Alabama’s Houston County Schools are in a dilemma, as the start of its school year had to be delayed in order to buy more time in recovering from a malware attack. The school’s officials are tightlipped about what specific malware strain infected the schools’ networks. However, like what we have reported multiple times here, only ransomware-type infection can literally interrupt normal operations of any institution. This is because ransomware infection literally makes user files inaccessible until the “ransom” money is paid to the cybercriminal groups that made it.
The start of Alabama’s school year is scheduled on August 1, but the campuses are not ready since all Windows-based computers that the school administration uses to operate the schools are encrypted. School officials decided to reset the school year opening on August 12, a lost of 7-days of classes in the process. The announcement came from David Sewell, in order to provide time for forensic investigators and other IT experts to check the systems, de
“We don’t know where this came from. We have no clue. They don’t either. The bottom line is, it’s more on them than it is on us. We’ve just got to take care of the kids. It’s going to be a learning experience. People are going to learn what it was like 50 years ago, 30 years ago, before cell phones and things of that nature,” explained Bubba Odom, Principal of Ashford High School.
The school has no choice but to go back to manual systems while waiting for the forensic investigation to complete and the possibility of recovering the lost files that were encrypted. However, just like other stories of ransomware, the options are fairly limited. Either the schools affected have a reliable backup that they can rely on to restore the lost files or the painful decision to pay the ransomware authors their “ransom” demand. Superintendent Sewel confirmed that the affected schools had an approximate 4,000 computers in operation prior to the malware attack. With the re-image process taking 30-minutes per computer to complete. According to Alabama Law, there is no need to announce mandatory make-up class when a class is suspended for whatever reason, the option is for make-up classes falls on the judgment call of school officials.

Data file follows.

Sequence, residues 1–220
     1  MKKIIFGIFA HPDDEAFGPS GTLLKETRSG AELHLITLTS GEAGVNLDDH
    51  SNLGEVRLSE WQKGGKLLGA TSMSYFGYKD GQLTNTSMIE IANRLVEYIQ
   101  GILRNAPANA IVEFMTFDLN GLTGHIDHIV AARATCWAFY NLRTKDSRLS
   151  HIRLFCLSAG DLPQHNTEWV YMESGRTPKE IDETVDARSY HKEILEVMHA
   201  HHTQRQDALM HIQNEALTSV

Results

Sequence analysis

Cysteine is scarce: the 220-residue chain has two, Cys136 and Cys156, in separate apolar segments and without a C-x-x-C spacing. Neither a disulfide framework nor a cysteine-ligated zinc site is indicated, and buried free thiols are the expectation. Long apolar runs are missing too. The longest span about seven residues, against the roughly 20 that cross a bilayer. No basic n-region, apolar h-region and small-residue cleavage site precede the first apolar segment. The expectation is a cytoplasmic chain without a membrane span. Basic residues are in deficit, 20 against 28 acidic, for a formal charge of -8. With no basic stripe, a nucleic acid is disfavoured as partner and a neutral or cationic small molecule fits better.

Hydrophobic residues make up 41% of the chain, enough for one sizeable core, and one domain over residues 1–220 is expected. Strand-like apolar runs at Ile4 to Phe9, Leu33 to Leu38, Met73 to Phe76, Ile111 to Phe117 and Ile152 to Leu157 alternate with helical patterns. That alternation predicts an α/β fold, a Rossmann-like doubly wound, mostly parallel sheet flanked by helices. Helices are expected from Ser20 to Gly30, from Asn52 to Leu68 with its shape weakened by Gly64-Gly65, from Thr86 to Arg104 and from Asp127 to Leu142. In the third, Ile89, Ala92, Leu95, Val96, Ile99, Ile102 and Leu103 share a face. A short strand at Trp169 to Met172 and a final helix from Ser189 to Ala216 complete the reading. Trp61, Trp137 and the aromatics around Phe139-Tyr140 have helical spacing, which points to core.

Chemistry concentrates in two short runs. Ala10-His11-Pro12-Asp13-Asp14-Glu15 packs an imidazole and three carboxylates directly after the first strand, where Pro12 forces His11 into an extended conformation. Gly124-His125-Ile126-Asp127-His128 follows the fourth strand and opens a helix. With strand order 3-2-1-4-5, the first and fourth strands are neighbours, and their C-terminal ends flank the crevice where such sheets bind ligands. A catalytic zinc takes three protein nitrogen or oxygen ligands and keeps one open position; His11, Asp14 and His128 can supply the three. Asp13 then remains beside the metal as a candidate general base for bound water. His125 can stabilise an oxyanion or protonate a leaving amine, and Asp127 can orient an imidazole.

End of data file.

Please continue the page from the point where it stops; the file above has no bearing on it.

“We feel like the teachers can stay on task and teach bell to bell and this time will be made up. We just have to be diligent with our time. If we have to go back to a magnetic board and we’re sticking up people on a magnet board where this teacher goes, where this student goes, some of us are old enough we can go back to that. It’ll work,” emphasized Sewel.
The affected schools are not confirming ransomware, however, Sewel told a hint that they will not pay money to repair the computers. Previously, the schools in the State of Louisiana were infected by ransomware, so severe that the state has to declare a state of emergency, which will give the state government full supervisory powers to quell the problem. Louisiana’s four district schools were rendered inoperational by ransomware for the next three weeks after the discovery of the infection.